Here is a simple example of size continuum. Do the ordinary middle-third construction of the Cantor set, except that whenever you delete the $n$-th (numbered by level and then left to right, say) middle-third interval leave in exactly $n$ points from that interval. Let's call the resulting set $X$. Any automorphism of $X$ must map (resp. left-, right-) isolated points to (resp. left-, right-) isolated points. Since we left a different number of points in each middle-third interval, the automorphism must fix every inner point of each middle-third interval as well as its two endpoints. By density, it follows that the automorphism fixes every point of $X$.

All of your examples are scattered, I checked the Rosenstein's *Linear Orderings* to see if he had anything good to say about which scattered linear orders are rigid. To my dismay, this is what I found: "These considerations seem to make impossible an inductive argument (on $F$-rank or $VD$-rank) to determine which scattered types are rigid." (p. 133) However, he does cite a result of Anne Morel (*Ordering relations admitting automorphisms*, Fund. Math. 54 (1964), 279-284.) which says that a linear order $A$ is not rigid if and only if $A \cong A_1 + A_2\times\mathbb{Z} + A_3$ for some linear orderings $A_1,A_2,A_3$, with $A_2$ nonempty.

Dense examples of rigid subsets of $\mathbb{R}$ would be interesting to see. This is probably not too difficult to construct under CH. But a ZFC example might have to deal with important barriers such as Baumgartner's result that *All ${\aleph_1}$-dense subsets of $\mathbb{R}$ can be isomorphic*, Fund. Math. 79 (1973), 101-106. Maybe there are some examples in this classic paper of Sierpinski *Sur les types d'ordre des ensembles linéaires*, Fund. Math. 37 (1950), 253-264.

All three papers can be found here.

Addendum (after sdcvvc's comment): For the sake of completeness, I'm including a simplification of the Dushnik-Miller argument that produces a dense subset $X$ of $\mathbb{R}$ which is rigid (though not the stronger result that $X$ has no self-embeddings).

To ensure density, the set $X$ will contain all rational numbers. Note that an automorphism $f$ of $X$ is then completely determined by its restriction to $\mathbb{Q}$. Indeed, since $f[\mathbb{Q}]$ must be dense (in $X$ and) in $\mathbb{R}$, we always have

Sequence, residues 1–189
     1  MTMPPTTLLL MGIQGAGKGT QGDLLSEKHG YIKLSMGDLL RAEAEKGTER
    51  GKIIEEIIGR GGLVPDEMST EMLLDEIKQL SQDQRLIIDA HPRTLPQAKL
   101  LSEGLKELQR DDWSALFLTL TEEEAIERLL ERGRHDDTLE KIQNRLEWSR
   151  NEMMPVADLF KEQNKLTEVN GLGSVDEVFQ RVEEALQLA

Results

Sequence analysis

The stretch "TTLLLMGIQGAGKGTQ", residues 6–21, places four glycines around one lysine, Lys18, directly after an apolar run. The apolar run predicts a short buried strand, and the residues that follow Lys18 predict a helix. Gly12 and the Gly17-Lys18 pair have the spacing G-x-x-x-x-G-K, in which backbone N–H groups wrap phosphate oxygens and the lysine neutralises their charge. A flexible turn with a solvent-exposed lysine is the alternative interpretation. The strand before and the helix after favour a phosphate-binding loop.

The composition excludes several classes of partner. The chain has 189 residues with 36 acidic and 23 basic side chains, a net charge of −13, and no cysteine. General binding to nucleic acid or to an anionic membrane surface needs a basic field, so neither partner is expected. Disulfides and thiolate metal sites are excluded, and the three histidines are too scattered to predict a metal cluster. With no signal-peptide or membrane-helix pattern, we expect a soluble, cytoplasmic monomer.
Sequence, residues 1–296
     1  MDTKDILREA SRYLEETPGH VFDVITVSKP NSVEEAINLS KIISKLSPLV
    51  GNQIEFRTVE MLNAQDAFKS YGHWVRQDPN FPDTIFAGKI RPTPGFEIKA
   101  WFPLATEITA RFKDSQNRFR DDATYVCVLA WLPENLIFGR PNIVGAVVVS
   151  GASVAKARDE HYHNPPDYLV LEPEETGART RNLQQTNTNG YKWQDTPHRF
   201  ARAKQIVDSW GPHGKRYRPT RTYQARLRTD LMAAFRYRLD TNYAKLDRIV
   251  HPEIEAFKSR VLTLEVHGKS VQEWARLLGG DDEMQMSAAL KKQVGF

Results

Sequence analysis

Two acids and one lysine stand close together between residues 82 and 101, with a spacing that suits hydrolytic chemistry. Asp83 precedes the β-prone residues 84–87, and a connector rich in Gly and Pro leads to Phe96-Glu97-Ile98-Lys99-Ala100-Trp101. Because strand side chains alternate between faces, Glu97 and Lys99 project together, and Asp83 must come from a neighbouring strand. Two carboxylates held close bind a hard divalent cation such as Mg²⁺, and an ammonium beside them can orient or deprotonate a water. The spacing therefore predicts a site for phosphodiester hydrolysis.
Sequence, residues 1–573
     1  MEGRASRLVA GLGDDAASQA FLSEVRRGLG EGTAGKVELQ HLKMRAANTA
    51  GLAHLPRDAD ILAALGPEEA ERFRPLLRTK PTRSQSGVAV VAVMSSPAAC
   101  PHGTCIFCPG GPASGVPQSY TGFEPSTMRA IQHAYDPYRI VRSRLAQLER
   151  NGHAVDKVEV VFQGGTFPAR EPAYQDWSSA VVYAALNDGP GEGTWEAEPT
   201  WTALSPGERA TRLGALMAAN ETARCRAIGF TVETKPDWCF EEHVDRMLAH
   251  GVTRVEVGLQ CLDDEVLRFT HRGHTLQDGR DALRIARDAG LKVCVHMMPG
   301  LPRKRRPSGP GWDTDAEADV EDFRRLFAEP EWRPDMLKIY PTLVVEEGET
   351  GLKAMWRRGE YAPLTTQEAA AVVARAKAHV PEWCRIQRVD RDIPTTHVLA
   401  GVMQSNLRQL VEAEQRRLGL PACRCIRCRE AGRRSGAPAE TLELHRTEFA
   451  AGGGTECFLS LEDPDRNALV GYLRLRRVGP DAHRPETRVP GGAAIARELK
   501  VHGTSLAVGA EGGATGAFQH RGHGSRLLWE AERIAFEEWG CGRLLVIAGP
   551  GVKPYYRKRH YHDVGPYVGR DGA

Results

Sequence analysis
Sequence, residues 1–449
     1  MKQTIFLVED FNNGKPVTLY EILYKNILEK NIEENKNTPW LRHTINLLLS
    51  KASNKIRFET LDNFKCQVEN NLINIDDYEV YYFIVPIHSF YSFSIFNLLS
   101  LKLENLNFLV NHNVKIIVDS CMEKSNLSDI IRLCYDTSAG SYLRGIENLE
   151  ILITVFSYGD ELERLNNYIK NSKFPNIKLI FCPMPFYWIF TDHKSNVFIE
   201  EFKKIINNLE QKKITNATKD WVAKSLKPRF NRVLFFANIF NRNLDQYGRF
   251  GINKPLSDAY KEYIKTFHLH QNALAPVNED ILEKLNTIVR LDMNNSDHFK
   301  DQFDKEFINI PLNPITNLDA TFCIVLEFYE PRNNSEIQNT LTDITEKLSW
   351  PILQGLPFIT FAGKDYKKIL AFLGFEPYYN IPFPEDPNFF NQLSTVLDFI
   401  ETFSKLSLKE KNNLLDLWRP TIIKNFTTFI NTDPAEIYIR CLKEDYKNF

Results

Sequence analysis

$f(x) = \sup\{f(q):q \in (-\infty,x)\cap\mathbb{Q}\} = \inf\{f(q):q \in (x,\infty)\cap\mathbb{Q}\}.$

There are only $c = 2^{\aleph_0}$ increasing maps $f:\mathbb{Q}\to\mathbb{R}$ with dense range. Let $\langle f_\alpha:\alpha<c \rangle$ enumerate all such maps, except for the identity on $\mathbb{Q}$.

We will define by induction a sequence $\langle (x_\alpha,y_\alpha) : \alpha<c \rangle$ of pairs of irrational numbers. The $x_\alpha$ will be points of $X$ while the $y_\alpha$ will be in the complement of $X$. For each $\alpha$, we will have $f_\alpha(x_\alpha) = y_\alpha$ (in the sense of the inf/sup definition above).

Suppose we have defined $(x_\beta,y_\beta)$ for $\beta<\alpha$. Since $f_\alpha$ is not the identity, there is a rational $q$ such that $f_\alpha(q) \neq q$. Let's suppose that $f_\alpha(q) > q$ (the case $f_\alpha(q) < q$ is symmetric). Since the real interval $(q,f_\alpha(q))$ has size $c$ and the extension of $f_\alpha$ to all of $\mathbb{R}$ is injective, we can always pick

$x_\alpha \in (q,f_\alpha(q)) \setminus(\mathbb{Q}\cup\{y_\beta:\beta<\alpha\})$

such that $y_\alpha = f_\alpha(x_\alpha) \notin \mathbb{Q}\cup\{x_\beta:\beta<\alpha\}$. Note that $x_\alpha < f_\alpha(q) < y_\alpha$ so $x_\alpha \neq y_\alpha$.

In the end, we will have

$\{x_\alpha: \alpha < c\} \cap \{y_\alpha : \alpha<c\} = \varnothing$

and any set $X$ such that

$\mathbb{Q}\cup\{x_\alpha:\alpha<c\} \subseteq X \subseteq \mathbb{R}\setminus\{y_\alpha:\alpha<c\}$

is necessarily rigid since $f_\alpha(x_\alpha) = y_\alpha \notin X$ for each $\alpha<c$.